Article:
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  1. Today
  2. I've been hanging around here for almost two years, (I think), absorbing knowledge while working in my wood shop. All my "need to do projects" are now done, so I'm gonna take another stab at making some knives. I'm not ruling out forging blades, but with problems with both shoulders and arthritis in my right hand, forging may just be a dream. I started with a kiridashi for the shop and it took me three tries to come up with something acceptable. Next up will be a hunter skinner and then probably a kitchen knife. I'm just getting practice now, but if I get some good blades, I'll s
  3. Yesterday
  4. Bummed about being out last year myself. I like the shop tool idea. A tool, or small tool set would be cool. Like a set of wood or steel chisels, or a nice pair of tongs, hammer or something. Sounds cool. The knife by steel dimension is also a cool idea. If I may offer some ideas: 1) I've never done a folder. Something like a lock back would be cool. I like butterfly's too. 2) What if you take the 1x1" challenge and turn it into something like , everyone make a piece of 1x1 or 2x2 or whatever damascus, then send to the other guy to make a knife from for
  5. Well, since my 6 month project has taken a year, and I’m only half done, I figured I better start on the second half. Barring any strong objections, this is my current plan for the second blade. I want to follow a more organic shape and we will see how well elk antler engraves. Probably a nickel silver bolster and maybe spacer. I’ll try to do more of a WIP on this one...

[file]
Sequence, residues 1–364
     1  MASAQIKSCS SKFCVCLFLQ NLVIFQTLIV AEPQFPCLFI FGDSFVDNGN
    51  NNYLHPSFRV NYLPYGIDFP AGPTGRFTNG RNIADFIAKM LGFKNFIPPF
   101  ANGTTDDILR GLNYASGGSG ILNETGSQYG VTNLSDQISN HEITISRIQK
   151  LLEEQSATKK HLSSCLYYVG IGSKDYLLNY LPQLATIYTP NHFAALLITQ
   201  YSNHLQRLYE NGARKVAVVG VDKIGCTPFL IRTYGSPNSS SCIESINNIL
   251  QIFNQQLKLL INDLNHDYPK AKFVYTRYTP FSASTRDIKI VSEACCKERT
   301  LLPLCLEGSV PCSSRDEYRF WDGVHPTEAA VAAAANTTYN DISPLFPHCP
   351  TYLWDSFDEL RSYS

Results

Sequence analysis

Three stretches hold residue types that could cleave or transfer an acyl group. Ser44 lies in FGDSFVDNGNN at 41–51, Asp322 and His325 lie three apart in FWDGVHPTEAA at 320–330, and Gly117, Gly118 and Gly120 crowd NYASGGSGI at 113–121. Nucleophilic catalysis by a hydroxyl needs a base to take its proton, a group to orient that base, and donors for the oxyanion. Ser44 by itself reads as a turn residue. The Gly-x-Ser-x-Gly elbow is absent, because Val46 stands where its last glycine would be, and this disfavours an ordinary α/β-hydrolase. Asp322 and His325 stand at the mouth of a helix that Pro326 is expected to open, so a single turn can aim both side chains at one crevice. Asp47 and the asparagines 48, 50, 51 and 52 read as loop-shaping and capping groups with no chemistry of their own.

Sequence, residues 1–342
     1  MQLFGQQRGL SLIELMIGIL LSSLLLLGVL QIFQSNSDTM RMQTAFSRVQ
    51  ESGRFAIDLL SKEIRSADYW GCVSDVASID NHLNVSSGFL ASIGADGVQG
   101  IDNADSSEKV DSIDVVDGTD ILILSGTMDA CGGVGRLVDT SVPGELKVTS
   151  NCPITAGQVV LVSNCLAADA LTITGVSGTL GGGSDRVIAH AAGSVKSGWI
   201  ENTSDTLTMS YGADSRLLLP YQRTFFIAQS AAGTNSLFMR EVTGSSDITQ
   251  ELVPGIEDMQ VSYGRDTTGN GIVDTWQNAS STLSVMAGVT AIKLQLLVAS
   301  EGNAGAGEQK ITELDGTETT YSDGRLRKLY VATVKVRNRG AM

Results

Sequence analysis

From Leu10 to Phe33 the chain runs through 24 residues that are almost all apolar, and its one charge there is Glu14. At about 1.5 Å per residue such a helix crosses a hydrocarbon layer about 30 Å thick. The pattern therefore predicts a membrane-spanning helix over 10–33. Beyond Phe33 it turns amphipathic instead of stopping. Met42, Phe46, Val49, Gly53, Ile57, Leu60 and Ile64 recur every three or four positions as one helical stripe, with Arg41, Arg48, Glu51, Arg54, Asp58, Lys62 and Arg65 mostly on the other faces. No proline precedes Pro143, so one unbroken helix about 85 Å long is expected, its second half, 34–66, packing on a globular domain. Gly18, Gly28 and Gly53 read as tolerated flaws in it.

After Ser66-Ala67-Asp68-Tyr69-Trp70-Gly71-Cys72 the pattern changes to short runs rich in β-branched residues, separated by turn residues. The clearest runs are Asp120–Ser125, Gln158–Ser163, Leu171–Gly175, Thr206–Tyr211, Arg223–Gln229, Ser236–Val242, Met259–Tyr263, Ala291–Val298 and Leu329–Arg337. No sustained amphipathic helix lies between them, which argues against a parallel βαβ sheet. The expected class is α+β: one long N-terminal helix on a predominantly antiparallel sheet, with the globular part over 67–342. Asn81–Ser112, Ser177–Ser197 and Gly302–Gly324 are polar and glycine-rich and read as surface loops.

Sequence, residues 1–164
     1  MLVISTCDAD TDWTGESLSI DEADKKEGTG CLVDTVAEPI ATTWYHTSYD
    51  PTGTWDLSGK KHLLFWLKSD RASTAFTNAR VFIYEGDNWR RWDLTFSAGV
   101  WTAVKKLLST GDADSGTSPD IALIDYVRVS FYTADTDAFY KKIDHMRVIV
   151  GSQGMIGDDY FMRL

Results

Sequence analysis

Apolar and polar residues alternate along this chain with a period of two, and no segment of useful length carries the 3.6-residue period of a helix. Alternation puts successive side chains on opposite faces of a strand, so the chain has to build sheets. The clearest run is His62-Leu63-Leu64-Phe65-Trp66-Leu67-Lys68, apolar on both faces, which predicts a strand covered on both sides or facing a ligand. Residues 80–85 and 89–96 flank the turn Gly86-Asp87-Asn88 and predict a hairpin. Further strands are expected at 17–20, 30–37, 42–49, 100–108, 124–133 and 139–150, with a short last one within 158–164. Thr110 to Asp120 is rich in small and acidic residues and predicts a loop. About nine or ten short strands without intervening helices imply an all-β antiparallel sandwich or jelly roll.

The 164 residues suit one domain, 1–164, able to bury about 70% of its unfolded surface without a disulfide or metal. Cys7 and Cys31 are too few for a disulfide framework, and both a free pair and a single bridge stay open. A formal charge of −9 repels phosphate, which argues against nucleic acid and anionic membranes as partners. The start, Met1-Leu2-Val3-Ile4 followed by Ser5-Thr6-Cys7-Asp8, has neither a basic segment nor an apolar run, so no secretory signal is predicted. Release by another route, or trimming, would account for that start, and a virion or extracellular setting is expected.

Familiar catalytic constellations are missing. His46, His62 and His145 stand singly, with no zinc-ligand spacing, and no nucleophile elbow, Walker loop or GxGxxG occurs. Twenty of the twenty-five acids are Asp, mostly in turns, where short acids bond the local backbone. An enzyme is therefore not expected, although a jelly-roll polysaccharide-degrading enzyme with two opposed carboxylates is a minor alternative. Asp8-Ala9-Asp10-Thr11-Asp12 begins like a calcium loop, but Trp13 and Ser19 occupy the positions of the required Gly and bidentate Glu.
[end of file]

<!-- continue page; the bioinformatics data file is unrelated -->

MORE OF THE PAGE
6. billyO-tig would work better, but I just have a cheap wire welder. One of the videos talked about problems with the welds because of the copper. So I would make sure the copper is slightly narrower than the steel not sticking out of the edges.
  7. what about a miniature knife? they can be pretty simple but get very tricky with a bit of detail. you could do a miniature set if one knife isnt enough, ive done a mini knife with a mini belt and sheath that could have been worn as a bracelet if the belt wasnt sized for a 12" G.I.JOE. and ive been wanting to do a kitchen knife with a cutting board in 1/4 scale. ive made a miniature multibar seax by forgewelding little tiny PW bars together, its hard to see what the patterns are because the twist bars got stretched but it works. its hard to get the proportions right on
  8. Thanks for the info, Dave. I might have to try that someday. My PID controlled forge should help with that.... Did you use a TIG welder for this?
  9. There is. Working alone with a light hammer, the anvil needs to be a bit higher. Not too high, that's even worse for you! I like the face to be about 3cm higher than knuckle height. That way the hammer strikes squarely with the elbow not quite fully extended.
  10. 1 cubic inch sounds pretty small. Maybe 2 cubic inches sounds good though.
  11. I do the 1 cubic inch thing as a demo. It's a lot of fun. Geoff
  12. That's the look I'm going for. Still working on hammer control. It probably doesn't help that my little post anvil has a tendency to skew itself at times. I've converted a 4lb hammer into a rounding hammer that I've mainly been using for this project. I'll check and see if I need to keep grinding down the edges. Pretty sure I've had some mis-hits too. The anvil face is at knuckle height, although that doesn't feel that optimal to me. I read somewhere someone mentioning that the recommendation comes from old, when using a striker was more common. I'm wondering if there is something
  13. I have entered a 1 cubic inch blade smith's challenge, after discussing it with a notable smith (MP) who posted it on the ABS forum. Make a blade from 1 cubic inch of steel. Design the knife to fit. The starting piece of steel can be any dimensions as long as the total volume is 1 cubic inch.